18:10 relationship, sir,
to everything, to nature.
18:13 What's my relationship
to nature?
18:18 Would I go and kill
the baby seals?
18:23 A: No, no.
18:28 K: Would I go and destroy
human beings
18:31 calling them enemies?
18:36 Would I destroy nature, everything,
- which man is doing now?
18:42 He is destroying the earth,
the air, the sea, everything!
18:46 Because he feels
totally irresponsible.
18:51 A: He sees what is out there
as something to operate on.
18:56 K: Yes. Which is,
he kills the baby seal,
19:00 which I saw the other day
on a film,
19:02 it's an appalling thing.
19:03 And they are Christians,
they call themselves Christians,
19:06 going and killing
a little thing
19:09 for some lady
to put on the fur.
19:16 And - you follow? - totally
immoral, the whole thing is.
19:21 So, to come back, I say,
how does this responsibility
19:27 show itself in my life?
19:32 I am married
- I am not,
19:35 but suppose I am married -
what is my responsibility?
19:40 Am I related to my wife?
19:45 A: The record
doesn't seem very good.
19:47 K: Not only record, actuality.
19:49 Am I related to my wife?
A: Right.
19:51 K: Or am I related to my wife
19:53 according to the image
I have built about her?
19:59 And I am responsible
20:00 for that image
- you follow, sir?
20:02 A: Yes, because my input
has been continuous
20:05 with respect to that image.
K: Yes.
20:06 So, I have no relationship
with my wife,
20:12 if I have an image about her.
20:15 Or if I have an image
about myself
20:18 when I want to be successful,
20:19 and
all the rest of that business.
20:22 A: Since we were talking
about 'now', being now,
20:29 there is a point of contact
20:33 between what you are saying
20:35 and the phrase that you used
20:37 in one
of our earlier conversations
20:40 'the betrayal of the present'.
K: Absolutely.
20:45 You see,
that is the whole point, sir.
20:48 If I am related to you,
20:53 I have no image about you,
or you have no image about me,
20:58 then we have relationship.
21:03 We have no relationship
21:04 if I have an image
about myself or about you.
21:09 Our images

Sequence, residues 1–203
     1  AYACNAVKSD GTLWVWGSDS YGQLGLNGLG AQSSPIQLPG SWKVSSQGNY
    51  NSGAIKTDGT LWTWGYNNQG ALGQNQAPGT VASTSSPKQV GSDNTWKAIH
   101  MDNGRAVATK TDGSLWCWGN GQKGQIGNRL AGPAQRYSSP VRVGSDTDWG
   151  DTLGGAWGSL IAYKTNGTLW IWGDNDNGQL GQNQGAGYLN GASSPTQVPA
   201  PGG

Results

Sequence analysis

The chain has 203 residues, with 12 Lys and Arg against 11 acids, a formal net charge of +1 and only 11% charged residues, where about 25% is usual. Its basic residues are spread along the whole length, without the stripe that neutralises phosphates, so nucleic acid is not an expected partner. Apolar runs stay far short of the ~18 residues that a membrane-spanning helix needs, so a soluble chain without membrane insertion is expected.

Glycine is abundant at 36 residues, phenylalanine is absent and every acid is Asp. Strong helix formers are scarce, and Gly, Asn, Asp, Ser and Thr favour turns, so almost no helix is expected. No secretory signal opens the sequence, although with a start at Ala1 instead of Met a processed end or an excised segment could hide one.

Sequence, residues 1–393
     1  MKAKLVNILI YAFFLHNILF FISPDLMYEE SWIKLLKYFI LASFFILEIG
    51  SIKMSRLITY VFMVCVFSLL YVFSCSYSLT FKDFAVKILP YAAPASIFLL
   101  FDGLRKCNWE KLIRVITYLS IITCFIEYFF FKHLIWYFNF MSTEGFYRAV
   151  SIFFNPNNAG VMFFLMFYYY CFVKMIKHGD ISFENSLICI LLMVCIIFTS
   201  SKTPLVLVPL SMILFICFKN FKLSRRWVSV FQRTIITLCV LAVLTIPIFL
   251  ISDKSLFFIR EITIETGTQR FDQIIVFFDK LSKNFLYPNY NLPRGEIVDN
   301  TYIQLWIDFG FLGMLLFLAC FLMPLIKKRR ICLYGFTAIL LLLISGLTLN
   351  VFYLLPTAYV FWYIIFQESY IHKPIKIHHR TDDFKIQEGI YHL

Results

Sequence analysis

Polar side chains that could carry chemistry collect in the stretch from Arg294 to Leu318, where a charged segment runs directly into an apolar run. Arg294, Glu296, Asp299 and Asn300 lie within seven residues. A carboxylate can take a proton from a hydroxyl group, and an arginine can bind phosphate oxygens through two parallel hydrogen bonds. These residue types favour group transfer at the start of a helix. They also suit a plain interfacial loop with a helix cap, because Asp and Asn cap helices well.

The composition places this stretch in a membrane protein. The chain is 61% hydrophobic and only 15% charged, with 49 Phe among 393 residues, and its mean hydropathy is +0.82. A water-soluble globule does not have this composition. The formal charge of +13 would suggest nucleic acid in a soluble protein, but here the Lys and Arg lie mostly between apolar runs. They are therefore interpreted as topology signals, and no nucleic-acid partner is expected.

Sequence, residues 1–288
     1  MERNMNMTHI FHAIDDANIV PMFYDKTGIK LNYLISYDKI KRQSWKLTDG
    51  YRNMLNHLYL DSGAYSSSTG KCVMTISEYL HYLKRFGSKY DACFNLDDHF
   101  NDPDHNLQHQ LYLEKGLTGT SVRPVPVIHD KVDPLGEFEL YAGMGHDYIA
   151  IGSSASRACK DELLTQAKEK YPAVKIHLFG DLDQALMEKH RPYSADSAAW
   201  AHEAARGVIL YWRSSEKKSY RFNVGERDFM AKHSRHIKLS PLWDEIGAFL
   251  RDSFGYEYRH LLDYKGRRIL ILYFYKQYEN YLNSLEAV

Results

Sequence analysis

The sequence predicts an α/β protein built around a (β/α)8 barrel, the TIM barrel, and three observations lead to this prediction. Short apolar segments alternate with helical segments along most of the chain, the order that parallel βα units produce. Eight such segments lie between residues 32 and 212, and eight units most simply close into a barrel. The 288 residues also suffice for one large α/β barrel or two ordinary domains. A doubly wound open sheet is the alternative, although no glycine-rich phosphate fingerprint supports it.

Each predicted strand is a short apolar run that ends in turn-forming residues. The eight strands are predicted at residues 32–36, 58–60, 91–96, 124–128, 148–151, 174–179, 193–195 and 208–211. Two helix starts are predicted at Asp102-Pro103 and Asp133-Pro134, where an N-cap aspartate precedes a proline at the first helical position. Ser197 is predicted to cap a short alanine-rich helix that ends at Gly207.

have a relationship,
21:13 when in actuality
we have no relationship.
21:17 I might sleep
with my wife or some,
21:19 but it is not a relationship.
21:24 It is a physical contact,
21:26 sensory excitement,
nothing else.
21:33 My responsibility is
not to have an image!
21:40 A: This brings to mind,
21:47 I think one of the loveliest
21:50 statements
in the English language
21:52 which
I should like to understand
21:55 in terms of what
we have been sharing.
21:59 These lines from
Keats' poem 'Endymion',
22:05 there is something miraculous,
22:07 marvellous in this statement,
22:09 it seems to me,
22:10 that is immediately related
to what you have been saying:
22:15 'A thing of beauty
is a joy forever'.
22:20 And then he says,
- as though that's not enough -
22:24 he says,
'Its loveliness increases'!
22:29 And then as though that's
not enough, he says,
22:34 'It will never pass
into nothingness'.
22:39 Now, when the present
is not betrayed,
22:46 it's full with a fullness
that keeps on abounding.
22:54 K: Yes, quite, I understand.
22:55 A: Would I be correct in that?
K: Yes, I think so.
22:58 A: I think that's truly
what he must be saying,
23:01 and one of the things too
that passed my mind was
23:07 he calls it a thing of beauty.
23:09 He doesn't call it
a beautiful thing.
23:11 It's a thing of beauty as
though it's a child of beauty.
23:17 A marvellous continuity
between this.
23:20 Not: it's beautiful because
I think it's beautiful,
23:22 and therefore it's outside.
23:27 Yes, yes, yes.
23:29 K: We come back,
I must stick to this,
23:30 because this is
really quite important.
23:33 Because,
go where you will,
23:40 there is no relationship
between human beings,
23:46 and that is the tragedy,
23:49 and from that arises
all our conflict, violence,
23:54 the whole business.
23:56 So, if... - not if - ...when there is